Needless to say, the money was not used to lay a single brick of such great works – waterfronts, motorways, marinas – as those that have face-lifted countries like Spain and Portugal. With the notable exception of the island’s museums and historical monuments, which have in fact been renovated.
And there is much still requiring attention, eg the Palazzo della Cancelleria in Ragusa, below, left. Restoration of a different kind is that of Caravaggio’s The Burial of St Lucy (below, right), painted in 1608 and currently on display in Chiesa Santa Lucia alla Badia in the Piazza Duomo in Ortigia.

Visitors to Siracusa can hardly fail to notice a large modern conical building rising above the otherwise rectangular townscape (eg in the view of the Greek theatre above). This is the Santuario della Madonna delle Lacrime (Shrine of Our Lady of Tears), celebrating a local miracle of 1953. The event and the religious significance of the Shrine are discussed on its website. It intrigued me as a large and anomalous piece of 20th century architecture, and there seems to be little about it in guidebooks.

Although the Shrine was completed as recently as 1996, it was designed in 1957 and construction took nearly 30 years. The architects, Michel Andrault and Pierre Parat, were French and their agency, ANPAR, was active from 1957 to 1995. Their last works seem to have been in a rather different style from the Shrine - some of the towers at La Défense in Paris. In February 2014, Jonathan Meades made two programmes for BBC4, Bunkers, Brutalism and Bloodymindedness: Concrete Poetry, in which he made the case for for 20th-century concrete Brutalist architecture, “tracing its precursors to the once-hated Victorian edifices described as Modern Gothic and before that to the unapologetic baroque visions created by John Vanbrugh, as well as the martial architecture of World War II”. I suspect that the Shrine is more Expressionist than Brutalist but there is certainly evidence of béton brut (the imprint of the wooden formwork into which concrete is poured), a technique pioneered in France by Auguste Perret, who for a time, was Le Corbusier’s employer. The architectural interpretations of the Shrine seem to include a lighthouse, a tent, tears and “the elevation of humanity towards God”. I couldn’t help noticing that from the south of the Shrine on a clear day the shape of Etna is unmistakeable, although 80km to the north.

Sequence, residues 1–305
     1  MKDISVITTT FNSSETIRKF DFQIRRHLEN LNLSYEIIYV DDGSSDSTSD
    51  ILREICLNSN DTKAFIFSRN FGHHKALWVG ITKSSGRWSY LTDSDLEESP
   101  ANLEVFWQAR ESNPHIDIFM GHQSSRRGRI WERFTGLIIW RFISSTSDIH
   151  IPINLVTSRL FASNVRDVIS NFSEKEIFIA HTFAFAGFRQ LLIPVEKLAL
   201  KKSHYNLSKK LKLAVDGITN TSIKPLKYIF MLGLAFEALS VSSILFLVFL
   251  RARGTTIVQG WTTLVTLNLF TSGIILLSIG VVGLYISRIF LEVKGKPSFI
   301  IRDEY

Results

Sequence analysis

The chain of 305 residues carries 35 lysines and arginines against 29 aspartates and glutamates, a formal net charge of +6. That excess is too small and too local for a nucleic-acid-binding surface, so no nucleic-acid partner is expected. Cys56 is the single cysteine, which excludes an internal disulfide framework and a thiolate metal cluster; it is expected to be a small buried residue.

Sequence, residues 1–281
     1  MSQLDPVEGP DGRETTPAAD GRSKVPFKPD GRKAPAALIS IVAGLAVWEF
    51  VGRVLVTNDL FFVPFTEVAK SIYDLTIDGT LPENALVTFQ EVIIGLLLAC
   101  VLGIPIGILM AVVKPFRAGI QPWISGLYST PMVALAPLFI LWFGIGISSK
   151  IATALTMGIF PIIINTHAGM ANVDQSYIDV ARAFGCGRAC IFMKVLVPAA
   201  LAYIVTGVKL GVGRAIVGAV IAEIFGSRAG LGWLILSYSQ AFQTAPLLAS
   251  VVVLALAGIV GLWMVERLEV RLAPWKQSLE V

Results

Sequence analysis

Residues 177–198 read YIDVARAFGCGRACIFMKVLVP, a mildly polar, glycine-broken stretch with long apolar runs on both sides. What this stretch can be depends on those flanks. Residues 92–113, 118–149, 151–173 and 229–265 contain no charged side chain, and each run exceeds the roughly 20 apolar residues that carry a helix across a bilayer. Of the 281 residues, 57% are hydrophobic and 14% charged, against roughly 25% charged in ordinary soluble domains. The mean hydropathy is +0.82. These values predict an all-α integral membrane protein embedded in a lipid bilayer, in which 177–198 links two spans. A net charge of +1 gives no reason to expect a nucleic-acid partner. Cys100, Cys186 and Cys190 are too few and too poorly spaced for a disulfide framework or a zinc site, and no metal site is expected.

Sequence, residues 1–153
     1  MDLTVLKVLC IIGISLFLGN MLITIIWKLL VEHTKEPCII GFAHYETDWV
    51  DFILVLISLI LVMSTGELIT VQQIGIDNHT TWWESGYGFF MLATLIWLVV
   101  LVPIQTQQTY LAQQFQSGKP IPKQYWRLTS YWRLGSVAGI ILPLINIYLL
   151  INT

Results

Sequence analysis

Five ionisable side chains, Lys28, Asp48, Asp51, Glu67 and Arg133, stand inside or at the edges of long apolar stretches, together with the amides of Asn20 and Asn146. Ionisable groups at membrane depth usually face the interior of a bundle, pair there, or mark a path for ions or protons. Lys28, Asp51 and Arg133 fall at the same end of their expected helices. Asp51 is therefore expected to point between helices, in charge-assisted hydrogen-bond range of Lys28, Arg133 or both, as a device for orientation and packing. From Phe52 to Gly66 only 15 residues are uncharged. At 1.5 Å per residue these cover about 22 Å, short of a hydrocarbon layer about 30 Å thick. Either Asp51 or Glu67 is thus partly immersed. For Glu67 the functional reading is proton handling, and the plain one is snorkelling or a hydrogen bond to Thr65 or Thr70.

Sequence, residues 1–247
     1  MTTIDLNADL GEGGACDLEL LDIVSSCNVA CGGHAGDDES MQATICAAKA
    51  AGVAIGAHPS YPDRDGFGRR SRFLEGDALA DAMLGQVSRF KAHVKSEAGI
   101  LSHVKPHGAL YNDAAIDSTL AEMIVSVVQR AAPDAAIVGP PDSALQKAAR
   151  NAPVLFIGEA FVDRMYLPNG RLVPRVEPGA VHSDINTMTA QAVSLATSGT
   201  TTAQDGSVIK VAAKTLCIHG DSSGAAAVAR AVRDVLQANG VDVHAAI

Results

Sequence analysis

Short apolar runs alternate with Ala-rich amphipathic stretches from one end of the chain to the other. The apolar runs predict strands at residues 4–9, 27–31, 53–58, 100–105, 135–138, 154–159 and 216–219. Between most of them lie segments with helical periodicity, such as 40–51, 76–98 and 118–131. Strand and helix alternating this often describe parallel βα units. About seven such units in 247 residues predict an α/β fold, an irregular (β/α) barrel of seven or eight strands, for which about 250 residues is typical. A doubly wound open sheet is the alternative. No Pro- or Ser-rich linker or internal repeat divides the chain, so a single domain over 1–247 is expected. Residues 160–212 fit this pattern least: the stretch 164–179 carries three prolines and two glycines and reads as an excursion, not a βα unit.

Trying to be helpful: the weather in late March seems similar to that in southern England on a good day in late May, sunny, but not hot or rainy, almost ideal for sightseeing, although continuous sunshine is not guaranteed. In full summer and when crowded, visiting, for example, the Roman Villa (essentially sheds with walkways to look down on the magnificent floors) could be trying. The state of the roads and the topography means that journeys in Sicily seem to take longer than maps might suggest and could be expected to take even longer in summer traffic. But, as Martin Amis attributes to his father: “Italy, nice people, nice food”. Buona fortuna!